You really have to be careful what you read these days. There is loads of misguided advice pumped out of the financial press. I recently came across an article in one of the leading personal finance magazines that offered especially appalling advice. The article was about money funds and whether or not they are safe given the euro area’s sovereign debt and banking crisis. What does the euro area have to do with U.S. money funds? According to Fitch Ratings, prime U.S. money funds have almost 50% of their assets invested in European financial institutions. Not such a comforting thought when you look at charts like the one included below. This is a chart of the five-year credit default swap (CDS) for BNP Paribas, France’s largest bank. A credit default swap is like a life insurance policy for a company. Buyers of CDSs are like the beneficiaries on the policy. If the underlying company defaults (dies), the buyer gets a payout. 

As with life insurance policies, companies at greater risk of death pay a higher premium, which is reflected in the price of the CDS. But unlike life insurance policies, CDSs are bought and sold every day. Changing CDS prices tell investors if a company’s risk of default is rising or falling. Falling CDS prices signal lower risk of default, while rising spreads signal greater risk of default. So in CDS land, up is bad and down is good.

Looking back at the BNP Paribas chart, there is cause for concern. The five-year CDS on BNP Paribas is near record-highs. Investors are more concerned about the risk of default at France’s largest bank than they were at the height of the financial crisis. Given the large stake that prime money funds have in euro-area financial institutions, this leading personal finance magazine I referred to above asks if investors should worry about their money fund breaking the buck.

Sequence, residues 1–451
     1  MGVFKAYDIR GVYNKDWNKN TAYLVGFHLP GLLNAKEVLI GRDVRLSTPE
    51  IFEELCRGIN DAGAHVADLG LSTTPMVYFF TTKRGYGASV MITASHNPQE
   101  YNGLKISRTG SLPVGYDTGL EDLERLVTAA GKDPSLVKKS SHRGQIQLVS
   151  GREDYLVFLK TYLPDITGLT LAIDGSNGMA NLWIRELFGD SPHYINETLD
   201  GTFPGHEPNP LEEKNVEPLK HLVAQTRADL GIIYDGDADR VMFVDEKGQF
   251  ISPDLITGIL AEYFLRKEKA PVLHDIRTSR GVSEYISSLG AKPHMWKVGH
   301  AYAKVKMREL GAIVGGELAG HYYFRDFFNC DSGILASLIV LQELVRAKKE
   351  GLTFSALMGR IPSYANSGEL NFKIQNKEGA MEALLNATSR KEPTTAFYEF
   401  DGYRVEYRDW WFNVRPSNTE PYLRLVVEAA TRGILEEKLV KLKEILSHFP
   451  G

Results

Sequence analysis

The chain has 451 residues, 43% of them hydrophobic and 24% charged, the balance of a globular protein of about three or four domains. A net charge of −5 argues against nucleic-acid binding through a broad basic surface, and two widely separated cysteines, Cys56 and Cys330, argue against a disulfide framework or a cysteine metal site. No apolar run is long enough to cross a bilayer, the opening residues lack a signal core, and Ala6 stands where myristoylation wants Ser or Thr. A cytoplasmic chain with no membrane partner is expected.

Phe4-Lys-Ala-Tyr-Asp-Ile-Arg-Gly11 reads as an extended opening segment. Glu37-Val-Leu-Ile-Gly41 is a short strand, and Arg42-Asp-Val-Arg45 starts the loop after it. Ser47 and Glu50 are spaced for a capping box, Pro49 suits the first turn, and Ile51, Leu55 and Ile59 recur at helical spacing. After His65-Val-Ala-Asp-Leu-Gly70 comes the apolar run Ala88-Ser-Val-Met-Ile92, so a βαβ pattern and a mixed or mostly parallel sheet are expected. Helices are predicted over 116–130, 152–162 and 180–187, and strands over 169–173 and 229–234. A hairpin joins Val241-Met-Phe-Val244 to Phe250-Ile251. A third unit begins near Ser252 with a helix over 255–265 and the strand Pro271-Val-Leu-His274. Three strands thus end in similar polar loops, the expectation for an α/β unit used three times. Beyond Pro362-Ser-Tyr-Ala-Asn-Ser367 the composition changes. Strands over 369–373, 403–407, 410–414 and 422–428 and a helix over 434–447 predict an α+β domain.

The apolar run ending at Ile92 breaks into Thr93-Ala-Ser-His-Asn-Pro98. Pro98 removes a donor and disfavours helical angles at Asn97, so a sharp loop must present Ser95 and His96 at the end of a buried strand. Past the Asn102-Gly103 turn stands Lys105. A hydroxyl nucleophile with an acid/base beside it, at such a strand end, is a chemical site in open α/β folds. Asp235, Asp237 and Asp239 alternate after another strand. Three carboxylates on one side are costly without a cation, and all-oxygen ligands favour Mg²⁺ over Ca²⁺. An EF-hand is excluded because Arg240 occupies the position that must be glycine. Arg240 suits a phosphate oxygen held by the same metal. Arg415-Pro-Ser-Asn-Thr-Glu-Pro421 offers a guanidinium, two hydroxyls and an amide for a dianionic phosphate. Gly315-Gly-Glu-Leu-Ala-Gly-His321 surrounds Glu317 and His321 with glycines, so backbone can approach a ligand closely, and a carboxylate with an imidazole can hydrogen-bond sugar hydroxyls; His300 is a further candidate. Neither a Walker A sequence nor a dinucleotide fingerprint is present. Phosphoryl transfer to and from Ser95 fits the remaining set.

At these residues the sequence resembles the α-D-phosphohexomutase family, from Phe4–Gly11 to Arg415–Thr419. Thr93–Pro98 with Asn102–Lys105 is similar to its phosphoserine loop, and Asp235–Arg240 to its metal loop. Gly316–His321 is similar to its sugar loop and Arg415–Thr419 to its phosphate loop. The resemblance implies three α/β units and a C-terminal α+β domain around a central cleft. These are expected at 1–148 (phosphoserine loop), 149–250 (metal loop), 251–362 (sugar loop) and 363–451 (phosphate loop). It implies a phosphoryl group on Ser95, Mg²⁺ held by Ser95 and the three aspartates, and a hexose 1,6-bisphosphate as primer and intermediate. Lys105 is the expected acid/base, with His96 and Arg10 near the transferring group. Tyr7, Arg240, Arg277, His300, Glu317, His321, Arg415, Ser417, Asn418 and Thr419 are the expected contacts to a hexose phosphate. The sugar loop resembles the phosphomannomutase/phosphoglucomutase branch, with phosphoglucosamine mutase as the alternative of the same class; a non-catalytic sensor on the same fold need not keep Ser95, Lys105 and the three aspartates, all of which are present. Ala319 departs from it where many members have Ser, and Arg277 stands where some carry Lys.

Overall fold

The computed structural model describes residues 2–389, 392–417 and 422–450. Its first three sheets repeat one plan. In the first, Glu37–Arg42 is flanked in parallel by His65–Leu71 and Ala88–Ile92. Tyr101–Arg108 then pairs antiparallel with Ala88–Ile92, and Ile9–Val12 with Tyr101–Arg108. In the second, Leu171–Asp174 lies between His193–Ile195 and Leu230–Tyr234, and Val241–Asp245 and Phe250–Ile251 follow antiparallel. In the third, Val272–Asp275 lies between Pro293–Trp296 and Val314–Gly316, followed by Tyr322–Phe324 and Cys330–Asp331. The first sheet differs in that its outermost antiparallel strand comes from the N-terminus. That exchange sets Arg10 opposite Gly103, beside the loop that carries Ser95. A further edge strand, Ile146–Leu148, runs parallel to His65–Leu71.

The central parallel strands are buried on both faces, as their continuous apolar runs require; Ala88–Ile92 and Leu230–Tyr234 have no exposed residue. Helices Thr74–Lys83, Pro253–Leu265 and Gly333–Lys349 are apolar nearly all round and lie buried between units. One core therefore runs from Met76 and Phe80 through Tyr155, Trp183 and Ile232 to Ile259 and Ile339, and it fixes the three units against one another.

So, should you worry about money funds breaking the buck? Not according to the article. Why not? Because, says the article, “the trillions of dollars and millions of investors in money funds invite government intervention if it becomes necessary.” In fact, the author cites a Fitch Ratings analyst who says that money fund managers are flocking to the largest and strongest European financial institutions. 

No wonder Main Street holds Wall Street in such low regard. Many on Wall Street are freeloaders. The Street advises investors to stick with their prime money funds because they are too big to fail. At least too-big-to-fail banks pay deposit insurance. Money funds have the implied backing of the government but pay nothing to fund such a backstop. Haven’t we seen this movie in Fannie and Freddie, and yes, the money market industry, before?

What I find most discouraging about the advice to hold prime money funds is the failure to recognize the unfavorable risk-reward trade-off. The average yield on a prime money fund is .01%—that’s one basis point. Compound that annually and it will take you only 100 years to earn 1%. You could do better by recycling aluminum cans. And you can earn the same return in a money fund that invests in full faith and credit U.S. Treasury securities or one that invests in treasuries and agencies. Why take the added risk for no additional return? The only winner when you invest in a prime money fund today is the freeloading fund sponsor.